As per the request of one of the DanceNet readers, here are copies of the past ramblings of the DanceNet Webmaster.
For some of us, if not most, it is a great relief now that the elections are over. For many of us, it was a lesson in frustration in that the general population appeared to have ignored the reality of the past 4 years and voted because of something that *might* happen (i.e., gay "marriage") even if it really would have no impact on themselves. (I almost feel sorry for those Republicans who felt they had to vote against their party).
The voters appeared to ignore or be ignorant of the fact that the current administration lied to the American to get us into an extra war and use up resources (over $200 billion this year and $77 billion next year) and tied down American troop which could have been used elsewhere. Let's not even talk about those soldiers who will not be re-enlisting after their tours are over or when they're allowed to go home, whichever comes last. The voters didn't seem to care that our jobs were getting outsourced to other countries. They don't seem to understand or care that this country went from a surplus to the biggest budget deficit and that our kids will be paying that debt down for...oh, probably forever.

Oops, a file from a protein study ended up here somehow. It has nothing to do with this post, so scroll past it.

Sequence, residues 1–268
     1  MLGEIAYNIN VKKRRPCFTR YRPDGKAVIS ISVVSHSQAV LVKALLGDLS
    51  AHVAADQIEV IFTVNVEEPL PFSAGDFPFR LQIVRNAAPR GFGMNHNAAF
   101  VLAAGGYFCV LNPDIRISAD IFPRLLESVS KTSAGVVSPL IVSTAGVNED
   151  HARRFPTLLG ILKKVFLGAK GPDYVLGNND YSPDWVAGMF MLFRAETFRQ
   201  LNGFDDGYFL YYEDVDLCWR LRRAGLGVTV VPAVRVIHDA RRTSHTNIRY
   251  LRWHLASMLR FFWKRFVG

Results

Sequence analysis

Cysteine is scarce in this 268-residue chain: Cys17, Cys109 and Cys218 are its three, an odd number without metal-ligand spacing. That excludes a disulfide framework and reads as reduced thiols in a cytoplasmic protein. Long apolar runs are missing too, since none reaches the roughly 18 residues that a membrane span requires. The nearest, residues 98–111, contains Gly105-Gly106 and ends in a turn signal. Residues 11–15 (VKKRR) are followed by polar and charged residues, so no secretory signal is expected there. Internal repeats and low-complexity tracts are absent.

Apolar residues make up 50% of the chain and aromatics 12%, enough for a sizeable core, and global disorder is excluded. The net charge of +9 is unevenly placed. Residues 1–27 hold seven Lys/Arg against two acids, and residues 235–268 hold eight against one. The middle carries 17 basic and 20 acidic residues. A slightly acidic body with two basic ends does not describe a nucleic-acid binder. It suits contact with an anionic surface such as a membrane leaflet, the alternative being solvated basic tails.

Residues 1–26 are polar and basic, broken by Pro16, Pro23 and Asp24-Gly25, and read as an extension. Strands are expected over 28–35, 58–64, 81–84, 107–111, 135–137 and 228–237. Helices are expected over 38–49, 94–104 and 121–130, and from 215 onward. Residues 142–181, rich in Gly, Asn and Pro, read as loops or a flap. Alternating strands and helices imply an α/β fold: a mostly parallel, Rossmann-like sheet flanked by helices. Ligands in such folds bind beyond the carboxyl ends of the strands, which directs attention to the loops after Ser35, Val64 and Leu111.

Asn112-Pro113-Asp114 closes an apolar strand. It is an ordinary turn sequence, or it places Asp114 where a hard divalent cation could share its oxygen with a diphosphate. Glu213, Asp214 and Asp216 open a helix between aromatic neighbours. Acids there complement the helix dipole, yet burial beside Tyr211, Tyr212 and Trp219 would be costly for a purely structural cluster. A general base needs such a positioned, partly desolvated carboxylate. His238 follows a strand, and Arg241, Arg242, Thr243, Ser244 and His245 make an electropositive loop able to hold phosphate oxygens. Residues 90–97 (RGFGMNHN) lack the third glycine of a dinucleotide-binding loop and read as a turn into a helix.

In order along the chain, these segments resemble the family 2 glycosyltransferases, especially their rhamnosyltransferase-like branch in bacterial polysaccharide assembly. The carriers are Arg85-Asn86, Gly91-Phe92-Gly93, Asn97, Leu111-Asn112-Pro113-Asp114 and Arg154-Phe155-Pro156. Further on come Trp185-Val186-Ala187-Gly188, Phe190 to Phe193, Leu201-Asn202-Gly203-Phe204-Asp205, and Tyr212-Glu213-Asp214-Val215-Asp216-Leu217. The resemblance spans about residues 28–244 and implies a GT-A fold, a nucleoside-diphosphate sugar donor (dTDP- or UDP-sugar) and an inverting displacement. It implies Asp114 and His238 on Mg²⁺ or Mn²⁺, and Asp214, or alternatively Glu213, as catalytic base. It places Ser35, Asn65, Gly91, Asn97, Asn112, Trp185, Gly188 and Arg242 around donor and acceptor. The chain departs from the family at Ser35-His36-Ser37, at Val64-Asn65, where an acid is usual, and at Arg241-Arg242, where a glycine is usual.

I'm sure that the voters must have gotten confused. The last Democratic president had a balanced budget while the following Republican president had a huge deficit. People expect it the other way around. The current president gave out a tax break to the richest Americans while increasing the deficit to the maximum possible legal limit, and all that without doing what Republicans tend to do in such times: cutting expenses to match the revenues.
It was said that many of the people who voted "Red" in this election pulled their heads out of the ground to vote for an intangible concept called "values" without truly understanding or examining how the adminstration defines "values". They don't understand that Blue states don't just talk about values, that they actually live it. Don't the "Blue" states have fewer divorces and fewer abortions? Who cares about higher income per capita or better education? Perhaps many of these values or issues are really tied together? Many voters appear to not understand that "gay marriage" has nothing to do with their personal lives.
Some people will blame the Democrats' loss on the issue of gay marriage. Whether this is true or not, I remember thinking 9 or 11 months ago (when the Massachusetts' Supreme Judicial Court declared it was illegal to prevent gay marriage) that this would give the Republicans a cause to rally around (even if it was a stupid issue) and I asked why the gay rights groups couldn't just wait until *after* the elections to deal with the issue.